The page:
Making fun of someone's name is childish at best, but you can't really hide the fact that Gottschalks
Investors were happy because the company reported net income of $350,000 -- break-even on a per-share basis -- up from $25,000 a year ago. Six-month net losses, meanwhile, fell substantially year over year. Same-store sales are up slightly year to date, while revenues are about flat, even as Gottschalks is operating substantially fewer stores than it was a year ago.
Gottschalks hasn't exactly been wowin' 'em in recent years. In a market environment during which department stores such as May
Minimal capital expenditures and under-control debt have kept the company solid financially, however. And management now appears to be turning its eye to careful inventory management, with its CEO indicating that he was OK with sacrificing some gross margin in favor of markdowns and lower inventory levels -- seemingly a logical strategy with sales growth hard to come by, especially in the traditionally challenging first half.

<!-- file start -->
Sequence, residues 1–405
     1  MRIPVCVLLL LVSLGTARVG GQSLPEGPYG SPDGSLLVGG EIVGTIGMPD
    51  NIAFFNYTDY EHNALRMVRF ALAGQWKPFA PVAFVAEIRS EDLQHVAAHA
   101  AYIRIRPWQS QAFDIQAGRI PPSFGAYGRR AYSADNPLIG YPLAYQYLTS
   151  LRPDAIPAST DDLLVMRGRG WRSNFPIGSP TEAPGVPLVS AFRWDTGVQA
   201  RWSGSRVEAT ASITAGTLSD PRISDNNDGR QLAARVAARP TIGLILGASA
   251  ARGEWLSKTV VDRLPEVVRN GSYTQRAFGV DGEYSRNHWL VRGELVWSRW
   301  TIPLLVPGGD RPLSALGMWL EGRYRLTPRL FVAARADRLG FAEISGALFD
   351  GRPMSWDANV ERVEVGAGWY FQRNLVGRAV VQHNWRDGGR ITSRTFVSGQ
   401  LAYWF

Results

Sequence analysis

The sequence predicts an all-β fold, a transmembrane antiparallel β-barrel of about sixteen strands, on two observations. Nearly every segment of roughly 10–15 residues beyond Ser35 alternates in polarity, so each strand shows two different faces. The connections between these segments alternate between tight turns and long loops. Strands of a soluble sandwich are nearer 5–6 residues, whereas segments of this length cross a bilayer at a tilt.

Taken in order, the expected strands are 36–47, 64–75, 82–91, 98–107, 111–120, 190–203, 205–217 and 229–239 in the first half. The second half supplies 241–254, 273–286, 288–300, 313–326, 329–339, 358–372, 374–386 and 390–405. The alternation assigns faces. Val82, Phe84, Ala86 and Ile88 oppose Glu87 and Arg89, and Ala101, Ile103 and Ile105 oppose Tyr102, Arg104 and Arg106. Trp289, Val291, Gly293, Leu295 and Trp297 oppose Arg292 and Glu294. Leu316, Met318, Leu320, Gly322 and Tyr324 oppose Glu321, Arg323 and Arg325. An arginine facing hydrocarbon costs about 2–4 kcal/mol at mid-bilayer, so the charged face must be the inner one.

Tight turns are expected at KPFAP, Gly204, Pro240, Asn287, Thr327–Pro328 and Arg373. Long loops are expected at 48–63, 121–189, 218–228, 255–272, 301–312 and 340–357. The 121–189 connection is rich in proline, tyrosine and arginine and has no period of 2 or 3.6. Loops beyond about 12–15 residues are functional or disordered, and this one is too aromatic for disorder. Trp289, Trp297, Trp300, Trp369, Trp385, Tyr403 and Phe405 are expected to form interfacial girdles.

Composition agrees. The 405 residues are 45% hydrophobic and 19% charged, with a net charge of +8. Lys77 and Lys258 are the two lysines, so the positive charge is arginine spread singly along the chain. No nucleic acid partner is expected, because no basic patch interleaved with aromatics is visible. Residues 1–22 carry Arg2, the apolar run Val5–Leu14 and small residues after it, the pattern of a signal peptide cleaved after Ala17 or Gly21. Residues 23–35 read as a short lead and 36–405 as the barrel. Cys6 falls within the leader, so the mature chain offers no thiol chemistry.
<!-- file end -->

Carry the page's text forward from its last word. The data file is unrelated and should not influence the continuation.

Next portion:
Besides treading water, meanwhile, the company is testing a new store concept highlighting upscale brands. Given all this, perhaps it's no surprise that Gottschalks has quietly crushed the S&P 500 over the last 12 months.
Fool contributor Dave Marino-Nachison doesn't own any of the companies in this story.